Measuring the impact of IT management reforms

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Federal Computer Week surveyed by e-mail a random sample of 449 FCW subscribers to measure how much the Bush administration's information technology reforms have affected the way federal IT managers develop and manage projects and programs.

FCW teamed with Advantage Business Research Inc. (www. advantageresearch.com), a nationwide independent research company, which helped develop the survey and conducted fieldwork for it. The survey measured how much IT managers have adopted the initiatives that the Office of Management and Budget had created and pushed since June 2001, when Mark Forman became the federal government's first administrator of OMB's Office of E-Government and IT.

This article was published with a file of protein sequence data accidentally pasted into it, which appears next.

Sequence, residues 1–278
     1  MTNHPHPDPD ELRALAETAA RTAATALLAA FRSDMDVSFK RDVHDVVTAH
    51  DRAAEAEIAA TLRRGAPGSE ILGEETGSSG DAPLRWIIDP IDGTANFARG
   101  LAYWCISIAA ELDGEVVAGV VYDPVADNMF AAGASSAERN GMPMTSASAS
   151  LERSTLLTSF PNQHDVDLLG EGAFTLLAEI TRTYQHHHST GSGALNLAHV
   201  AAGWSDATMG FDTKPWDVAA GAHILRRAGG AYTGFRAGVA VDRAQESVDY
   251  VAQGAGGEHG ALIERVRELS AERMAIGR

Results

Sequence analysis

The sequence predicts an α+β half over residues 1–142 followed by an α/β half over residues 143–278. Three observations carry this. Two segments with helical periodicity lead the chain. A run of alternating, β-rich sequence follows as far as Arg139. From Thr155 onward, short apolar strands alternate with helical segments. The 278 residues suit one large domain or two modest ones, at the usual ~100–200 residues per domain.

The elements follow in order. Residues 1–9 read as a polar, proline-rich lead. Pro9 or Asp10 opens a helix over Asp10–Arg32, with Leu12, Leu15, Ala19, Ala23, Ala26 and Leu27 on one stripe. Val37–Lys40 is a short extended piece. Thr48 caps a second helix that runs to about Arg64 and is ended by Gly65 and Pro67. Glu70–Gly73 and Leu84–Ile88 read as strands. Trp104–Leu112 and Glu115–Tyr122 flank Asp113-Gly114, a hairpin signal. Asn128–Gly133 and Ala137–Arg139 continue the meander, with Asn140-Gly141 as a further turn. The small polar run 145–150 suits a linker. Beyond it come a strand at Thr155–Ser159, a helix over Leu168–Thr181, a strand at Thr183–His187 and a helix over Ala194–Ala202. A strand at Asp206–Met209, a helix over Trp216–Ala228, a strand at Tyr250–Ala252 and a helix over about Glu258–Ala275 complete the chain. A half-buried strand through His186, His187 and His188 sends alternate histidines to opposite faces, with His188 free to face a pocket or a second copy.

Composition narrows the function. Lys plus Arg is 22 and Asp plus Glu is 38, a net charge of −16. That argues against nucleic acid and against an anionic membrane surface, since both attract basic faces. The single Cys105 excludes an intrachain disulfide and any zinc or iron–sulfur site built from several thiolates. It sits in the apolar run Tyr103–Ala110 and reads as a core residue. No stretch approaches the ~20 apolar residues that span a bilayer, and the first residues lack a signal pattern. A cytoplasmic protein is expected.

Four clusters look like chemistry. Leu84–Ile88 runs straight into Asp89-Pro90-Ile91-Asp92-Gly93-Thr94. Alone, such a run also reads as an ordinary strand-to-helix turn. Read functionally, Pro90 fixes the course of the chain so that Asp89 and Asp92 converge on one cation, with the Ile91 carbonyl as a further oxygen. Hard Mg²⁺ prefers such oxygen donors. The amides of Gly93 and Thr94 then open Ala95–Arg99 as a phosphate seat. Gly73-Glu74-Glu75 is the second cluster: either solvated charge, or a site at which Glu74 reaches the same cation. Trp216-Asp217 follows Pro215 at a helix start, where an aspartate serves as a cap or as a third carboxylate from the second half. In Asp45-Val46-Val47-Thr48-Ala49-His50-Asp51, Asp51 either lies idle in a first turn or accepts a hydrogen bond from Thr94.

Those initiatives, some of which started during the Clinton administration, include:

* Building information security into information system development in the design phase, not after the system is completed.

* Encouraging IT managers to take training courses to become certified program managers.

* Developing business cases to show the returns on investments in information systems.

* Encouraging IT managers to look for existing information systems managed by other agencies that can provide the same function before building any information system.

* Encouraging investing in information systems that improve public services.

* Instituting enterprise architectures.

The survey was conducted entirely over the Internet between Aug. 19 and Sept. 4. Subsequent reminder e-mail messages were sent to nonrespondents Aug. 21, Aug. 25 and Aug. 28. As an incentive to participate, all respondents who verified their e-mail addresses at the end of the survey could direct $1 to one of four charitable organizations selected by FCW. The overall margin of error, based on 449 qualified respondents, is calculated to be no greater than +/- 4.7 percentage points.

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